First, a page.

How about one simple fax to every vet in the country? That’s not as hard to do as it sounds. They certainly know how to get to us when it comes to selling their food.
It’s bad enough that the manufacturer bought contaminated grain from a supplier. It’s bad enough everyone in the know sat on their hands for a month. Did they also have to display their disregard for pets so flagrantly as to fail to provide proper support for the vets who recommend their foods and to the people who feed those foods to animals they care for?
As a vet, I feel terrible. But however you see it, the pet food companies are directly to blame for the widespread mishandling of this crisis. These companies need to get serious about our pets. Better yet, if they don’t care enough to understand their importance, they should get out of the pet business altogether.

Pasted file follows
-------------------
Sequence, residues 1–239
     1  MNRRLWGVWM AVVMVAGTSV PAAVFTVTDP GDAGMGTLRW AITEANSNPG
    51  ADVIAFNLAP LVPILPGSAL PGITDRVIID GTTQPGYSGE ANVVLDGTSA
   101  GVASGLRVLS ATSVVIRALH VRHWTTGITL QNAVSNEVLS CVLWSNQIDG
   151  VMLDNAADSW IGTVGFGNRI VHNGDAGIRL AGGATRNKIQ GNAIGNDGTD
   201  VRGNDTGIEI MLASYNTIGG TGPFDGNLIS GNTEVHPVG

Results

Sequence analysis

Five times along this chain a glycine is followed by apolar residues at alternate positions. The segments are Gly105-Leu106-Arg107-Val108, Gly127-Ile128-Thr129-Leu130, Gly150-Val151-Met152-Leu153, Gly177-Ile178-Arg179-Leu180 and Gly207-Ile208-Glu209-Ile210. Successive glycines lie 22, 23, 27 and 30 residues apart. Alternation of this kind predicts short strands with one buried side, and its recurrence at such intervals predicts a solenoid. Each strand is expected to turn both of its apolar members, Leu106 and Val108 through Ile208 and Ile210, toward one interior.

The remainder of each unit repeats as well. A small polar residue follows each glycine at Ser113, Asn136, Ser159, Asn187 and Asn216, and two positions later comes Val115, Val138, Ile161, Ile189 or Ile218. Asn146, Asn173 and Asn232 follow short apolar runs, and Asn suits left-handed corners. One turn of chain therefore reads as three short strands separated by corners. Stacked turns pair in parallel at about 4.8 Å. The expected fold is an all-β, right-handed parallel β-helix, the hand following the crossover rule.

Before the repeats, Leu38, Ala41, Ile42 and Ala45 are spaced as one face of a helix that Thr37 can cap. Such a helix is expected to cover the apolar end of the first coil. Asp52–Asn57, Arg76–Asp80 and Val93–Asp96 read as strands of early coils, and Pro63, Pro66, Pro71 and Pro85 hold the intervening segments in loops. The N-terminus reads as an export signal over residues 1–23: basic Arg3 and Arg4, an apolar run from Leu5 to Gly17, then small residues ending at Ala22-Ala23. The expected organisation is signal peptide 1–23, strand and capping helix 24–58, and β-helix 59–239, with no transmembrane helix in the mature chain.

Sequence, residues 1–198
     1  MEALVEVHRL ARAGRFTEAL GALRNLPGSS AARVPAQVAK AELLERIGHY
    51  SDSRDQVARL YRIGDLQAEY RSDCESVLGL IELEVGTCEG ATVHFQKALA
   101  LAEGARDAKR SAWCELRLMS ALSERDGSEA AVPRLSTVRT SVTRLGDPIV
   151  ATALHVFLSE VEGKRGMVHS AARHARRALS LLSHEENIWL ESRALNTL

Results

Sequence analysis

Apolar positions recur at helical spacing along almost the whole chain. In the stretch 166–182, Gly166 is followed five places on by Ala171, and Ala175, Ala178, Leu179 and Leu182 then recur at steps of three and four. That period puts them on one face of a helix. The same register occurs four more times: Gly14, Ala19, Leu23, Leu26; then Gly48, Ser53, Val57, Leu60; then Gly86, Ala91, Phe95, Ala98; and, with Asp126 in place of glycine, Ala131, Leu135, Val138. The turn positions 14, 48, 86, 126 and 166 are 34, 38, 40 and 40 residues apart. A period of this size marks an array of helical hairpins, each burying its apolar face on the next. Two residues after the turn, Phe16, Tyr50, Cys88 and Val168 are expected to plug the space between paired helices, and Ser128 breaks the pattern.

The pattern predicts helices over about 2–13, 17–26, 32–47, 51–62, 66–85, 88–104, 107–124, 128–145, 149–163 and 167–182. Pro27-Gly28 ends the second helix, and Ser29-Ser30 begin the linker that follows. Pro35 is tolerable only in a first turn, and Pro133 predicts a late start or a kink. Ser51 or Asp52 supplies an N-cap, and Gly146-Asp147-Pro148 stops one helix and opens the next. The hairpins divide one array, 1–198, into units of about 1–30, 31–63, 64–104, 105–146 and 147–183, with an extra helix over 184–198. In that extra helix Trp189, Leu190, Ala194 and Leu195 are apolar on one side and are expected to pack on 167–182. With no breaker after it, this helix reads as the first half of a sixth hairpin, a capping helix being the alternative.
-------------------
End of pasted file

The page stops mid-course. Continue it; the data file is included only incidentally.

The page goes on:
Wellness: Health Care
Vet advice on the right tack.
It’s the “mother of all emergencies,” as we vets like to say—the dreaded bloat, otherwise known as “gastric dilatation volvulus” or GDV. Fancy acronyms notwithstanding, this condition is as poorly understood as it is deadly. That’s why it’s worth re-hashing bloat’s gruesome details every so often. After all, science marches on, as does this emergency’s apparent inevitability and evasiveness. Here’s a quick rundown on what we do know:
• With bloat, the stomach twists, then fills with gas—or is it vice versa? Either way, the emergency comes in when the blood vessels that supply the stomach are pinched off. That’s when the organ starts to die, shock sets in and deadly cardiac rhythms can occur.
• The most common symptoms are non-productive retching and abdominal distension (though a big belly can be hard to identify in some breeds). Dogs may act restless or be lethargic. But nausea— typically evident with salivation and/or disinterest in food—is always severe and unrelenting.
• Bloat is a highly treatable condition, regardless of what you may have heard. In fact, depending on the studies you choose to consume, survival with treatment ranges anywhere from 67 to 85 percent.